Émile Waldteufel (German for forest devil) was born in Strasbourg to a Jewish Alsatian family of musicians. The original surname of the family was Lévy. His father Louis had a respected orchestra, and his brother Léon was a successful performer. When Léon won a place to study violin performance at the Conservatoire de Paris, the family followed him there. It was in Paris that Waldteufel spent the rest of his life.
Waldteufel studied the piano at the Conservatoire de Paris from 1853 to 1857. Among his fellow pupils was Jules Massenet. During his time at the conservatory, Louis Waldteufel's orchestra became one of the most famous in Paris, and Émile was frequently invited to play at important events.
At the age of 27, Émile became the court pianist of the Empress Eugénie. He also led the orchestra at state balls. After the Franco-Prussian War had dissolved the Second French Empire, the orchestra played at Presidential balls at the Élysée. At this time only a few members of the French high society knew of Émile; he was nearly 40 before he became better known.
In October 1874 Waldteufel played at an event that was attended by the then Prince of Wales, future King Edward VII of the United Kingdom. The Prince was enthralled by Waldteufel's "Manolo" waltz, and was prepared to make Waldteufel's music known in Britain. A long-term contract with the London-based editor Hopwood & Crew followed. Part of the company belonged to Charles Coote[disambiguation needed], director of the Coote & Tinney’s Band, the first dance orchestra in London. Through these means, Waldteufel's music was played at Buckingham Palace in front of Queen Victoria. Waldteufel dominated the music scene in London and became world-famous. During this period he composed his best known works, many of which are still heard today around the world. He became best known for the waltz "Les Patineurs" (The Ice Skaters), composed in 1882.
His waltz Dolorès (op. 170; 1880) was the basis for the Russian romance Honey, do you hear me (ru: «Милая, ты услышь меня»).
Waldteufel gave concerts in several European cities, such as London in 1885, Berlin in 1889 and the Paris Opéra Balls in 1890 and 1891. He continued his career as conductor and writing dance music for the Presidential Balls until 1899 when he retired.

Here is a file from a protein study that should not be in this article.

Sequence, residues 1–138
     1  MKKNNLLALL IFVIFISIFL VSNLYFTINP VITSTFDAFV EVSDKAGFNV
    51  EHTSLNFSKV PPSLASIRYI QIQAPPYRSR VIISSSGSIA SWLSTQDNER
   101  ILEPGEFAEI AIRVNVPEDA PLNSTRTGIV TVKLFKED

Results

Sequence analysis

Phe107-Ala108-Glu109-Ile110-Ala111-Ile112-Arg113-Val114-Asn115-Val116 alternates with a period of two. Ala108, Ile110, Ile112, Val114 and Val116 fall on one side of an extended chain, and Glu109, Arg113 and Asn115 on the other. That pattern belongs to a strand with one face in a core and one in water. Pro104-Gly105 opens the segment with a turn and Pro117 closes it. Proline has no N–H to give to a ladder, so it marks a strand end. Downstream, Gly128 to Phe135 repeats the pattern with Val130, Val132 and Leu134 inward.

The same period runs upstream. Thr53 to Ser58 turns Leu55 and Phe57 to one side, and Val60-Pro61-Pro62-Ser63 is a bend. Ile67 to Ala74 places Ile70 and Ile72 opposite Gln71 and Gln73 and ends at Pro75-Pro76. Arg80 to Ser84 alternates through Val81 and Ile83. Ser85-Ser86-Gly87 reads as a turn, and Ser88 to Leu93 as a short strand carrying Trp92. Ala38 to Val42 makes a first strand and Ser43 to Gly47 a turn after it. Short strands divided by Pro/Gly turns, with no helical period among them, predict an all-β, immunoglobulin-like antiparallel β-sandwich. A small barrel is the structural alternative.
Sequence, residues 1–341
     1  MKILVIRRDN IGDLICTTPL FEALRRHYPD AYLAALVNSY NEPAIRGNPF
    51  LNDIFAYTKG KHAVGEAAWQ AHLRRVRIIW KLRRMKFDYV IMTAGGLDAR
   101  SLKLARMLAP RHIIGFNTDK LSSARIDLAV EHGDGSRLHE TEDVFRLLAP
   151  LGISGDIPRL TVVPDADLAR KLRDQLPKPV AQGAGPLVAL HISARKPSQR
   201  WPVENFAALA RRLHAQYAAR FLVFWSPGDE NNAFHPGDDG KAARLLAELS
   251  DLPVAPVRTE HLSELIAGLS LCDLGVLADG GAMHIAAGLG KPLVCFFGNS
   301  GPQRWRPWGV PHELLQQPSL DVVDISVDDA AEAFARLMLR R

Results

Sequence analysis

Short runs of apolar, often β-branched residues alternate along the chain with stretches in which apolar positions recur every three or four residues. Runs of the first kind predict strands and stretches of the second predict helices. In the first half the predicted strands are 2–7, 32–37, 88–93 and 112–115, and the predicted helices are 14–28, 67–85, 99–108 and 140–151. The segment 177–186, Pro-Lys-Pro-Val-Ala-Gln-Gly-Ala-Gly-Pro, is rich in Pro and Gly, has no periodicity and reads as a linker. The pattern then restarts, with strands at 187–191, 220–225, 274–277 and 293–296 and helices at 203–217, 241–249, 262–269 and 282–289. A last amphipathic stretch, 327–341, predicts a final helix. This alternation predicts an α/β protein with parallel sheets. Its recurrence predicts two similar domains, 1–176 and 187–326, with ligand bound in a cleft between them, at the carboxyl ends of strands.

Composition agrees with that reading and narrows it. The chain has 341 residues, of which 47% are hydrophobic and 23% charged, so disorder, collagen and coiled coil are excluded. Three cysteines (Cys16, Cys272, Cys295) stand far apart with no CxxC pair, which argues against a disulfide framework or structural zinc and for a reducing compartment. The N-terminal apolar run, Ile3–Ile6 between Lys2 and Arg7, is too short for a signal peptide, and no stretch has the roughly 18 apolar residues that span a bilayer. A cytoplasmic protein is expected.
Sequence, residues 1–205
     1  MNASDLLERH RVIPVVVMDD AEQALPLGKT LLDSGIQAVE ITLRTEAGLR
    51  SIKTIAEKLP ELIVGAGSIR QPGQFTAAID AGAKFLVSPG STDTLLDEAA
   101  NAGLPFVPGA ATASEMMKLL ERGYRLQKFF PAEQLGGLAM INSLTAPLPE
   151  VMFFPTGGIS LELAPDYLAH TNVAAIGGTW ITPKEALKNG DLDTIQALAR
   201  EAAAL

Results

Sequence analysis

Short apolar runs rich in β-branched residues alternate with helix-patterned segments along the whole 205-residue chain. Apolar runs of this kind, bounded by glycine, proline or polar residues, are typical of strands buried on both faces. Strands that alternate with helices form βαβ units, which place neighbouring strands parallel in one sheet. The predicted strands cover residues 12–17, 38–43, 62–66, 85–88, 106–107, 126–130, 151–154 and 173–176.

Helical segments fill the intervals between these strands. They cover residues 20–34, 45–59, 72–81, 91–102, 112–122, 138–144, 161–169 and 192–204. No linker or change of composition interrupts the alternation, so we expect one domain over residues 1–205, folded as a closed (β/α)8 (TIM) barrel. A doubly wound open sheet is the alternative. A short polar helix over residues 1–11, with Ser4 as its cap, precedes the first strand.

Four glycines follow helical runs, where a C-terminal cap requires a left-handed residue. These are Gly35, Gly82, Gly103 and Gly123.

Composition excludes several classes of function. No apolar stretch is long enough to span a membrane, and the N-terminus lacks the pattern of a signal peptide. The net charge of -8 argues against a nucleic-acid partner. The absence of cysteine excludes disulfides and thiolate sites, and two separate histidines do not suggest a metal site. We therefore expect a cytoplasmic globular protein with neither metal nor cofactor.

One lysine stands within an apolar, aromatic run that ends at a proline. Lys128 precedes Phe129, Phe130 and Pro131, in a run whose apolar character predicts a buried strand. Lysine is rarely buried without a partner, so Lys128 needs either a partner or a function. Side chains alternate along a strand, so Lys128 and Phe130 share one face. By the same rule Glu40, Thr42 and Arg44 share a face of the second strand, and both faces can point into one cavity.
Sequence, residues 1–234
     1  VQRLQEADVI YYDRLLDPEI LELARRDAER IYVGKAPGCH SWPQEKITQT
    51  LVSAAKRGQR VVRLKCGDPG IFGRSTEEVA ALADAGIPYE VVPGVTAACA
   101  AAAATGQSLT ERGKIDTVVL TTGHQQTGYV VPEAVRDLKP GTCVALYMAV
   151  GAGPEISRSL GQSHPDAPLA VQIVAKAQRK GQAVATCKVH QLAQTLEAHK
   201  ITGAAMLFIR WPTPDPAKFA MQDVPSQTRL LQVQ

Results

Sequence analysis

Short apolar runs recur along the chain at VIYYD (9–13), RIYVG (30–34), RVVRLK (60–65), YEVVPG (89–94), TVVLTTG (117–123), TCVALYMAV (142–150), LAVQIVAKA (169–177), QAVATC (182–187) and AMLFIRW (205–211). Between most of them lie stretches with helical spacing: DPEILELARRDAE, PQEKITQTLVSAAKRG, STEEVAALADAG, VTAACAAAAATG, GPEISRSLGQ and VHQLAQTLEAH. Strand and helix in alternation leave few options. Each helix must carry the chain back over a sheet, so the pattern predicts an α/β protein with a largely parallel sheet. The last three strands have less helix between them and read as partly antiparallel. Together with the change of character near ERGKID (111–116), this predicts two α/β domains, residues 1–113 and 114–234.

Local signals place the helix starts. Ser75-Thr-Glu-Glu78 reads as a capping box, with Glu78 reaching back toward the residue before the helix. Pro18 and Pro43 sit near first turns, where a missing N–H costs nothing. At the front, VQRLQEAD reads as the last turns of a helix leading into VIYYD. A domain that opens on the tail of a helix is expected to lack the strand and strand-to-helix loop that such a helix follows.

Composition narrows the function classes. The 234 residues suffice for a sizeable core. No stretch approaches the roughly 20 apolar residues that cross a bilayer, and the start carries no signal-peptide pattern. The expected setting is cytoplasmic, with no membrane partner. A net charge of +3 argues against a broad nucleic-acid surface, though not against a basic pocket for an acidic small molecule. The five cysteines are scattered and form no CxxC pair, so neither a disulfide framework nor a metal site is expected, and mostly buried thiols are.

In 1915 Waldteufel died in Paris at the age of 77. His wife, Célestine Dufau, a former singer, had died a year earlier. They had two sons and a daughter.
Waldteufel conducted with a stick rather than the then-customary violin bow. His compositions were first created at the piano and later orchestrated. The typical Waldteufel orchestra consisted of strings and a doubled woodwind section, two cornets, four horns, three trombones, and ophicleide or euphonium, along with percussion.
Waldteufel's music can be distinguished from Johann Strauss II's waltzes and polkas in that he used subtle harmonies and gentle phrases, unlike Strauss's more robust approach. It was considered that Waldteufel's music was not revolutionary, which explained why his waltzes fell out of favor as the age of Impressionism came to Paris.
A biography of the Waldteufel family by Andrew Lamb was published in 1995.
(with opus number)
- Kamiesch, March, Op. 5
- Myosotis, Waltz (Vergissmeinnicht), Op. 101
- Jean qui pleure et Jean qui rit, Polka burlesque, Op. 106
- Bella, Polka-mazurka, Op. 113 (1867)
- Dans les bois, Polka-mazurka, op. 119
- Les Lointains, Waltz, op. 121
- Mellow waltz op. 123 (1866)
- Carolinen, Polka, op. 124
- Dans les champs polka-mazurka op. 125 In the Fields (1868)
- Madeleine, Waltz, Op. 126
- Desiree, Polka Mazurka, Op. 132
- Térésa (Antoinette) waltz op. 133 (1864)
- Joujou-Polka, Op. 135
- Manolo, Waltz, op. 140 (1874?)
- Rose et Marguerites, Waltz, op. 141
- Tout a vous (Yours Very Truly / Dir allein), Valse, Op.142 (1875)
- Bien aimés waltz Op.143 (1875)
- Entre nous waltz op. 144 (1876)
- Flots de joie (Waves of Joy I Auf Glückes Wogen), Valse, Op.145 (1875)
- Grand vitesse (High Speed / Eilgut), Galop, Op. 146 (1876)
- Violettes waltz op. 148 Violets (1876)
- Au revoir (Farewell), Valse, Op.149 (1876)
- A toi, (To Thee / An Dich) waltz, op. 150
- Mon rêve, waltz op. 151 My Dream (1877)
- Prestissimo, Galop, Op. 152 (1877)
- Hommage aux dames, Waltz, op. 153
- Les Sirènes ('The Sirens' / 'Sirenenzauber'), Valse, Op. 154 (1878)
- Pomone[disambiguation needed] waltz op. 155 Pomona (1877)
- Toujours ou jamais ('Ever or Never' / 'Immer oder Nimmer'), Valse, Op. 156 (1877)
- Les Folies (Acts of Folly / Tolle Streiche), Polka, Op. 157 (1878)
- Très Jolie ('Very Pretty' / 'Ganz allerliebst'), Valse, Op. 159 (1878)
- Pluie de diamants / Pluie d'or ('Golden Rain' / 'Goldregen'), Valse, Op.160 (1879)
- La Bercuese, Waltz, Op. 161
- Brune ou blonde (Brunette or Blonde / Braun oder Blond), Valse, Op.162 (1878)
- Bella bocca (Bonne bouche), Polka I Gourmand-Polka, Op. 163 (1879)
- Gaite, Valse (Gaiety, Waltz / Frohsinns-walzer), Op.164 (1878)
- Ma charmante waltz op. 166 My Charming Lady (1879)
- Autresfois, Waltz, Op. 167
- Minuit, Polka, Op. 168
- Toujours fidèle ('Ever Faithful' / 'Treuliebchen'), Valse, Op. 169 (1879)